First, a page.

Report Unveils Hidden Factors Behind The US Collision Repair Technician Deficit

Jun 29, 2023

Trade students are dropping out of school once they secure employment. The Autobody Source reports on this trend and why both schools and collision repair businesses are concerned.

The white-collar workforce faces an existential crisis as computer-facing jobs are threatened by the emergence of more sophisticated AI. All of a sudden, trade jobs in industries like collision repair have become a silver lining for people looking for some sense of job stability.

The Autobody Source found, however, that the industry is facing some issues of its own as many aspiring technicians fail to complete their training owing to a number of factors that compel them to seek early employment.

"Students: How to Stay the Course," an article that was brought about by a dialogue between corporations involved in collision repair and trade school officials, aims to highlight this issue so both stakeholders might find a solution to ensure that the next generation of technicians get the training they deserve.

More information can be found at

The Autobody Source's report identified the factors that cause students to stop their studies after only four months: in some cases, they ask for employment prematurely; in others, automotive shops offer them jobs despite knowing they are not yet fully certified.


While many Americans proceed to earn college degrees after high school, fewer individuals consider the lucrative opportunities offered by trade jobs. However, demand for such professionals is growing—about 100,000 new-entrant collision technicians will be needed between 2021 and 2025, as per the TechForce Foundation.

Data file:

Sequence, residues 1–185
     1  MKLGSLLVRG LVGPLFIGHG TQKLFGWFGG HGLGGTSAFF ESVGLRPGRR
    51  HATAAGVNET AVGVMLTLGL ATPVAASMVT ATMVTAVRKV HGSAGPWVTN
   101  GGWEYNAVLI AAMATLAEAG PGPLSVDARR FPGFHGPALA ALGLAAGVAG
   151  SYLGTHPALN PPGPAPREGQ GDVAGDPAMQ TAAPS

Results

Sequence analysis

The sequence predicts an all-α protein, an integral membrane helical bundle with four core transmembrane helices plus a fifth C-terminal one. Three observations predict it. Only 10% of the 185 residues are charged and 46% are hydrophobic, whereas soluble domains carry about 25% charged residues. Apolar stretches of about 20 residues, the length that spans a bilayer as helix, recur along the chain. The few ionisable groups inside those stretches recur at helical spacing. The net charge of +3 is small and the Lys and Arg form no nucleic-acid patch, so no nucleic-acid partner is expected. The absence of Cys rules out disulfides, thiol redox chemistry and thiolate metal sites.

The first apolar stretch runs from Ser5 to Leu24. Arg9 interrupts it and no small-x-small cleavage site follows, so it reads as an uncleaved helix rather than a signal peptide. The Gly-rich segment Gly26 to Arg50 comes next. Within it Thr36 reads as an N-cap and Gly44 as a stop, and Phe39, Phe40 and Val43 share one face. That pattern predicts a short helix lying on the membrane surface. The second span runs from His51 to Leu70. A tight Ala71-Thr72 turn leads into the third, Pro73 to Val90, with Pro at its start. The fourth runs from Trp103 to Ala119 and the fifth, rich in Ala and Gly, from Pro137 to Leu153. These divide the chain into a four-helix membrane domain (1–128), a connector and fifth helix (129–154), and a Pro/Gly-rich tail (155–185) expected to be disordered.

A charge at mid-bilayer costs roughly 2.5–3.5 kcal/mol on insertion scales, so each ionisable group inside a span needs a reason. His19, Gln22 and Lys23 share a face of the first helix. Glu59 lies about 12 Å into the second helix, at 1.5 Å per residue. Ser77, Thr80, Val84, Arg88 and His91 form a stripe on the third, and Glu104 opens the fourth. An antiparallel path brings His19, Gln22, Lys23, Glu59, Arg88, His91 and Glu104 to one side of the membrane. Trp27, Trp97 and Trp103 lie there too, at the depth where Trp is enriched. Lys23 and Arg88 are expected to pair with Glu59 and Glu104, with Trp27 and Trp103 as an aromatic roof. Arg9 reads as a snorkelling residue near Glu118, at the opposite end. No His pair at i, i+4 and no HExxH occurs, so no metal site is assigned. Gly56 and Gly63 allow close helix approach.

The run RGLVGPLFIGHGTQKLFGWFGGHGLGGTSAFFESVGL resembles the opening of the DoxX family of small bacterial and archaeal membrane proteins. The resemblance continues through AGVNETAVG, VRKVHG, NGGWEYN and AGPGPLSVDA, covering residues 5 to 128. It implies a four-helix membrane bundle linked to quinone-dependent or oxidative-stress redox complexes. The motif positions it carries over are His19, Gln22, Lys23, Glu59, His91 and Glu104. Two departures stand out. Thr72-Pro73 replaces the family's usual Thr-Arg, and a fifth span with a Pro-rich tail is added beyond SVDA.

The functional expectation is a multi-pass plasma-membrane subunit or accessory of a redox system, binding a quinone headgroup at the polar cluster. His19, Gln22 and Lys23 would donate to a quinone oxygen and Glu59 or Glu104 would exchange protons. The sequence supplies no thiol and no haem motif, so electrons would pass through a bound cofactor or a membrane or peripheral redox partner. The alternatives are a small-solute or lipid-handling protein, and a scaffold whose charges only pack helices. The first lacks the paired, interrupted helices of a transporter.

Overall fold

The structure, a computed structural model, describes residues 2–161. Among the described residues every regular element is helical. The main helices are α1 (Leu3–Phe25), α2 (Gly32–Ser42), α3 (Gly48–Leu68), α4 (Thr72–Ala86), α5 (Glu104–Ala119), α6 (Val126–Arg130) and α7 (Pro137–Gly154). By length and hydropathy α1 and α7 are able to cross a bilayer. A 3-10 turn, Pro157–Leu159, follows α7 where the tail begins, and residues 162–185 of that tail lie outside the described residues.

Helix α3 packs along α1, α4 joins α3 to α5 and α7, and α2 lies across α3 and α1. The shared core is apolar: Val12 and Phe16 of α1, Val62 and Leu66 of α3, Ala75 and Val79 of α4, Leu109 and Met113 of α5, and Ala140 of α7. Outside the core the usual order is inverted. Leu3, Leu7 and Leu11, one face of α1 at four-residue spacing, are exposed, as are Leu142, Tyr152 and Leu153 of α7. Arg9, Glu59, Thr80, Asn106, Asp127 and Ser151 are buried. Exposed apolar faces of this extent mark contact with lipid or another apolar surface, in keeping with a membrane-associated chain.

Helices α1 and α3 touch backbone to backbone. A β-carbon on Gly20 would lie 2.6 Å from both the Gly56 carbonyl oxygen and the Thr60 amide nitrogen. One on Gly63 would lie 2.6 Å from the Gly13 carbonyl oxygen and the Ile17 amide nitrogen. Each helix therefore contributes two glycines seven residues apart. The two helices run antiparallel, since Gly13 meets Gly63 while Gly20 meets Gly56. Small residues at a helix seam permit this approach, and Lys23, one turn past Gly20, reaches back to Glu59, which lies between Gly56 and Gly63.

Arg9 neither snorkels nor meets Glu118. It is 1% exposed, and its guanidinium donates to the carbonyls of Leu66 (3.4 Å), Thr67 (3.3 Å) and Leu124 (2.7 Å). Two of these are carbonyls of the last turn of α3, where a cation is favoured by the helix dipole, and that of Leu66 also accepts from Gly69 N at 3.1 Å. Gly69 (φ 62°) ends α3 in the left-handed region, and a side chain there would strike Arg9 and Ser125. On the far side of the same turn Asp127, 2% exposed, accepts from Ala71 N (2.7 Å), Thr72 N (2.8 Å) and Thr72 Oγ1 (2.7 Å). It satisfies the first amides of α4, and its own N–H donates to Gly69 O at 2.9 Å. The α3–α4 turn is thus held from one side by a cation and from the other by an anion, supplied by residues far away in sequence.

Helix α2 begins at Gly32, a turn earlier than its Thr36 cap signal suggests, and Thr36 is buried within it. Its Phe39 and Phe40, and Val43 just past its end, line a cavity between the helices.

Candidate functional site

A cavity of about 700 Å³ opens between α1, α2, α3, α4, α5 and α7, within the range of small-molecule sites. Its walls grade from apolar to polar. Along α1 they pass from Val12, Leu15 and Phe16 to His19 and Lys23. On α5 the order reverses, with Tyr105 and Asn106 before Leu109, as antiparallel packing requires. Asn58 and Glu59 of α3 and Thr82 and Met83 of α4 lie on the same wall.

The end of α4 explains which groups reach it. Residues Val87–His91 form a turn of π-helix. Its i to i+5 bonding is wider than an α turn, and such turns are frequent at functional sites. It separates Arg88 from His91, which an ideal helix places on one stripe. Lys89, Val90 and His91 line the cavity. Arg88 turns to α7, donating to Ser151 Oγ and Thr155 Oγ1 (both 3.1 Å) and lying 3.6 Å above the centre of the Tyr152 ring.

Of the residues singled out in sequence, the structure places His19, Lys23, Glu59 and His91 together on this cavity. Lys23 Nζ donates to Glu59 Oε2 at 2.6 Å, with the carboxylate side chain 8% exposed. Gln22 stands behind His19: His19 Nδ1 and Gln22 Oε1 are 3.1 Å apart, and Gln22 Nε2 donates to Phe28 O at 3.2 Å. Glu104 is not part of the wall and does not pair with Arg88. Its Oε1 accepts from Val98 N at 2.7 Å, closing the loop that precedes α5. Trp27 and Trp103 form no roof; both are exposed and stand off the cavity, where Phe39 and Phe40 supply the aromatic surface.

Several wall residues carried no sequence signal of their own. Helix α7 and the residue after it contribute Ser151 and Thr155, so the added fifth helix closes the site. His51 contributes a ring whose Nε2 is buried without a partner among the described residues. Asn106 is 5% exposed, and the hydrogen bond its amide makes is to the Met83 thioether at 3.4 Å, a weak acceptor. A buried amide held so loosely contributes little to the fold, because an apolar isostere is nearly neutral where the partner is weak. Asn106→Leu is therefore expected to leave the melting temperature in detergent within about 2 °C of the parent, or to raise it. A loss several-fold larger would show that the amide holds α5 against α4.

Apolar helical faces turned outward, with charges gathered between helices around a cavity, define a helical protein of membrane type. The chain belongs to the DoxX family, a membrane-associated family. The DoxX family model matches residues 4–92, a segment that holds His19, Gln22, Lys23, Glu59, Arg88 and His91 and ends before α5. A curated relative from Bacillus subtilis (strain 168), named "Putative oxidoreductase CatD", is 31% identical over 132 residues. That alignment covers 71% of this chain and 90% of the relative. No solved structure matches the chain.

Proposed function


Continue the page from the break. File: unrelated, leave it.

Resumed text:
The Autobody Source noted that trade schools play a crucial role in making sure that there will be enough supply of talent to meet that demand.


Hands-on experience is one of the key advantages of going to trade school, as students can work part-time while finishing their course. During the dialogue, school officials urged collision repair shops to be more flexible with schedules so part-timers are not forced to choose between earning their certificate or earning a living. They added that shop owners should actively encourage students to complete their certification, as this will ultimately give them more qualified full-time employees down the line.

"It would be best for these shops to encourage students to complete their training and get the thirty I-CAR certifications they can obtain here first, and then reassure them they'll be considered for hire. Or allow the student to complete their hours of work on-site without interfering with the class schedule," one school official was quoted as saying.


The group of businesses emphasized the need for better alignment between schools, students, and shops. Moreover, it said that while students can quickly learn technical skills, developing soft skills and professional ethics will take longer to master.

The group also said that students and career shifters may bring a "defensiveness" from their previous jobs, making it harder for them to understand the rigors of the collision repair industry. It further stated that by finishing their courses, students have a greater chance of finding success, especially if they have no previous background in the automotive industry.

Interested parties may join the discussion about this critical issue in the field of collision repair at

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